The Celtic defense has been dominant so far in the ECF, and they are just a couple wins away from knocking off LeBron James and the Cavaliers.
The Boston Celtics are growing up right before our eyes. We thought their injury-plagued regular season and first round adversity meant they weren’t ready to compete, but it turns out those challenges prepared them far better for this moment than we expected.
The Celtics took care of business at home and are up 2-0 as they travel to Cleveland for Game 3 on Saturday. Through the first two games, Boston had their share of highlight dunks, silky crossovers, and pull-up threes, but the catalyst behind their dominant start has come on the other side of the ball. The league’s best regular season defense has maintained their dominance into the postseason and held LeBron James and the league’s fifth-best offense in check.
Michael Dwyer - AP Photo
When an offense uncharacteristically struggles in a playoff game, our first instinct is usually to ask what they did poorly. But in doing so, we can miss what their opponent did well.
Game 1 was far from the first time the Cavaliers faced off against a switching-based defense, but the Celtics utilized that strategy masterfully. Boston’s starting lineup features four guys who could all do a reasonable job of guarding any of Cleveland’s starters. Terry Rozier is that fifth starter, and his lack of size and strength make him exploitable on defense. Cleveland did their best to do just that, but Boston did an even better job of helping Rozier in those tough situations.
The key to attacking a switching defense is running screens to force the defense’s weak link onto your best offensive weapons. It’s simple in theory, but an elite defense can all but eliminate those mismatches. After almost immediately falling down by double-digits in Game 1, Cleveland’s main focus became forcing Rozier to switch onto either LeBron or Kevin Love in the post.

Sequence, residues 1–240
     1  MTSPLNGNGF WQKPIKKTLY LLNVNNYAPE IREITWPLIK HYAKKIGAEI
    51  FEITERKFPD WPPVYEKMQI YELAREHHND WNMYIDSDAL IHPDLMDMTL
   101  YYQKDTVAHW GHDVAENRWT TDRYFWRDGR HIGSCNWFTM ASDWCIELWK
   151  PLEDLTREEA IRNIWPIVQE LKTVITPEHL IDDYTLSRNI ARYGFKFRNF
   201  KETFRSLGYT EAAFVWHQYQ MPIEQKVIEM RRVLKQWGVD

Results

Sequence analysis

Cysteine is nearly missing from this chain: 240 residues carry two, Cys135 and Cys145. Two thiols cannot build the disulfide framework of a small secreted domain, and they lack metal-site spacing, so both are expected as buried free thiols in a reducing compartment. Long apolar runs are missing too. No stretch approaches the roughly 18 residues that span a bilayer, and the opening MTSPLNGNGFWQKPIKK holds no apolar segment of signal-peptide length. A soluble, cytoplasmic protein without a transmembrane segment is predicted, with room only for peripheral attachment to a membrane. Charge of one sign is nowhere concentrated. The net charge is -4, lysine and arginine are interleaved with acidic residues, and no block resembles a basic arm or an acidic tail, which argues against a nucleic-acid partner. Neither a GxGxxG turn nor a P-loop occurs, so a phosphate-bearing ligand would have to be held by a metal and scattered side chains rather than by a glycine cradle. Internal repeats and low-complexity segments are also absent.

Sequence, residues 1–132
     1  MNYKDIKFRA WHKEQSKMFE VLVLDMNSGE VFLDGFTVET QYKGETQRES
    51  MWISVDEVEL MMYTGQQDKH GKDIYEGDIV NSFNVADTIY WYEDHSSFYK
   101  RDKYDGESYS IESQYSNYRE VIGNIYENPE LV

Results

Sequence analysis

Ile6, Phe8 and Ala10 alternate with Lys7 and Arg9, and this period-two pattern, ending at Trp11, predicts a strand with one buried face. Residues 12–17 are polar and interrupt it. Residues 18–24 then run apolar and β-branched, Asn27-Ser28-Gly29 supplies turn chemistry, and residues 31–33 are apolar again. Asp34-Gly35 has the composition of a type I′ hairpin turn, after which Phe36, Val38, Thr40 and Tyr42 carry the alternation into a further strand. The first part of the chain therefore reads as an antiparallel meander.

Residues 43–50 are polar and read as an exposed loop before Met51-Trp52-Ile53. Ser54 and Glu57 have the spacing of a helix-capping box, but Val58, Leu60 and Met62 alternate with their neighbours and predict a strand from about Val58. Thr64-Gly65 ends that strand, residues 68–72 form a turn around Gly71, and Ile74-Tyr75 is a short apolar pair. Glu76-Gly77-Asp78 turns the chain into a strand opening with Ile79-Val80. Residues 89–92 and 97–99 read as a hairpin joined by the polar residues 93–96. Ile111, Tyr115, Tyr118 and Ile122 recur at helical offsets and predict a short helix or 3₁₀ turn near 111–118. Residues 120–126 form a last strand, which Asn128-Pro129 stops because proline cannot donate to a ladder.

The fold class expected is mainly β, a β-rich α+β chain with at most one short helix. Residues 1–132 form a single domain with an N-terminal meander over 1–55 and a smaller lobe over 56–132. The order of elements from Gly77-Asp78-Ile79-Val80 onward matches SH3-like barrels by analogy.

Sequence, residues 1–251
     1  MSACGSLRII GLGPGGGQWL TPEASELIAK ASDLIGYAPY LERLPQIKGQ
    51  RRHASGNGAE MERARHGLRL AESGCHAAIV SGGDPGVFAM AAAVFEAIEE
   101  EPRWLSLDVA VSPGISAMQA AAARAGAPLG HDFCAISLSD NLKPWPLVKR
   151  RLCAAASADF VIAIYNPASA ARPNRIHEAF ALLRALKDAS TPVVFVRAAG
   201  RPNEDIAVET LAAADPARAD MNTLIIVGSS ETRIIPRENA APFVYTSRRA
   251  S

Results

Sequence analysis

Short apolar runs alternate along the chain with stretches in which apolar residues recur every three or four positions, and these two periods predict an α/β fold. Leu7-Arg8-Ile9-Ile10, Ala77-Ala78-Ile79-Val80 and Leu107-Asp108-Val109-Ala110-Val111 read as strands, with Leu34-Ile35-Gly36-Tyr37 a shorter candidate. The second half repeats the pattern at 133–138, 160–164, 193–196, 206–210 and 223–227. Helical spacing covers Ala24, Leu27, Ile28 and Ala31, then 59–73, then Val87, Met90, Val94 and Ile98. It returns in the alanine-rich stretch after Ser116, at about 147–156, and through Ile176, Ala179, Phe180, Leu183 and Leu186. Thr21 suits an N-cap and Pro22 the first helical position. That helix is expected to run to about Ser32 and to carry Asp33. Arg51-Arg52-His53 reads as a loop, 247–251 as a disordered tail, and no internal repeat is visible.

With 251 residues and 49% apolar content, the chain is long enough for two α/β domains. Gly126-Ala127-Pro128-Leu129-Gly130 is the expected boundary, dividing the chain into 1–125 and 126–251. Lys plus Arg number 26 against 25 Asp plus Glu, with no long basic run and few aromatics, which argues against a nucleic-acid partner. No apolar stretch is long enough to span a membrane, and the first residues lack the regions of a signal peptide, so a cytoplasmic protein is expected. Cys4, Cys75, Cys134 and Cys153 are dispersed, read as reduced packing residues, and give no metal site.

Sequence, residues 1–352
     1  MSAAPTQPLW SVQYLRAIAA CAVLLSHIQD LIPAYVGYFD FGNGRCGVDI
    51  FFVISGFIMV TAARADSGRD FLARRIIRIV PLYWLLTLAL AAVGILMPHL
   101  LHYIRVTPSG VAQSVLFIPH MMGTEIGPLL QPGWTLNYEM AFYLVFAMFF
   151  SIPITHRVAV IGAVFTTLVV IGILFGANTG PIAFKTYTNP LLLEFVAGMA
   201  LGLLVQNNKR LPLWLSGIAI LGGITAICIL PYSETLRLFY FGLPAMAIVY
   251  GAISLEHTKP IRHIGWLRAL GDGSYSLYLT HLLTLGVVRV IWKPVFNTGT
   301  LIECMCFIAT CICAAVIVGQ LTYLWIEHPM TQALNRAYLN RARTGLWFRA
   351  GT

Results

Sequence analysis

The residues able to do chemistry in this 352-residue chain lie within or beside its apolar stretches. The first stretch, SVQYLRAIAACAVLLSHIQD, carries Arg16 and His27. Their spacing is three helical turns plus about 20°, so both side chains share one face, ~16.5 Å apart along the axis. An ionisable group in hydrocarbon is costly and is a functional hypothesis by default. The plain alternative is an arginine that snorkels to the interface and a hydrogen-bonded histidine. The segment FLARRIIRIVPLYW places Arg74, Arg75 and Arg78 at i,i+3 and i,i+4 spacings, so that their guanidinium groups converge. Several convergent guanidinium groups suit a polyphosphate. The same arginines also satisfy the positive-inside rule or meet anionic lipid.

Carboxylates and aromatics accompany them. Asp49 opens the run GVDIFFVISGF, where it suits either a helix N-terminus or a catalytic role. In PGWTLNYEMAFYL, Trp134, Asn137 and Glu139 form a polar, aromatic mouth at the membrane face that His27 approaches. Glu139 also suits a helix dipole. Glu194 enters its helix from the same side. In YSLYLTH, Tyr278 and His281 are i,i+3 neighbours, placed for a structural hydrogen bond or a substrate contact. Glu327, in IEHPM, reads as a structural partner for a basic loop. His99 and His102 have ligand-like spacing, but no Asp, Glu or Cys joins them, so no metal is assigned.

Leaving Rozier on an island in either of those matchups is immediate death for the Celtics, but Boston worked hard to counter those mismatches. Sometimes they preemptively got a more favorable defender — like Marcus Morris, Jaylen Brown, or Al Horford — to switch with Rozier before the Cavs could get the ball into the mismatch.
When it works, this scramming strategy is extremely effective, but it isn’t always easy. That more favorable defender can often be stuck switching off of an open shooter in the opposite corner. Leaving a player like Jeff Green or Tristan Thompson is a risk the Celtics are willing to live with, but leaving Kyle Korver or George Hill open for 2-3 seconds is a much riskier proposition.
When that preemptive switch wasn’t available, Boston tried to quickly double or rotate a help defender to protect the rim. A lurking Horford or Morris usually was enough to incentivize LeBron to make a quick decision and swing it to another player for a better look.
With fewer than two seconds on the shot clock LeBron should have shot, but Horford waiting for him at the rim triggered his instinct to find the open man. That was Cleveland’s only 24-second violation of Game 1, but Boston’s sustained defensive effort consistently forced the Cavs to take bad shots late in the clock.
Boston deserves praise for how well they defended in Game 1. They were fantastic. But Cleveland’s offense deserves an equal share of criticism. Starting with the most obvious, Game 1 was LeBron’s worst playoff game in a long time. It was certainly his worst playoff performance this postseason, and you could argue it was his worst since the 2011 NBA Finals.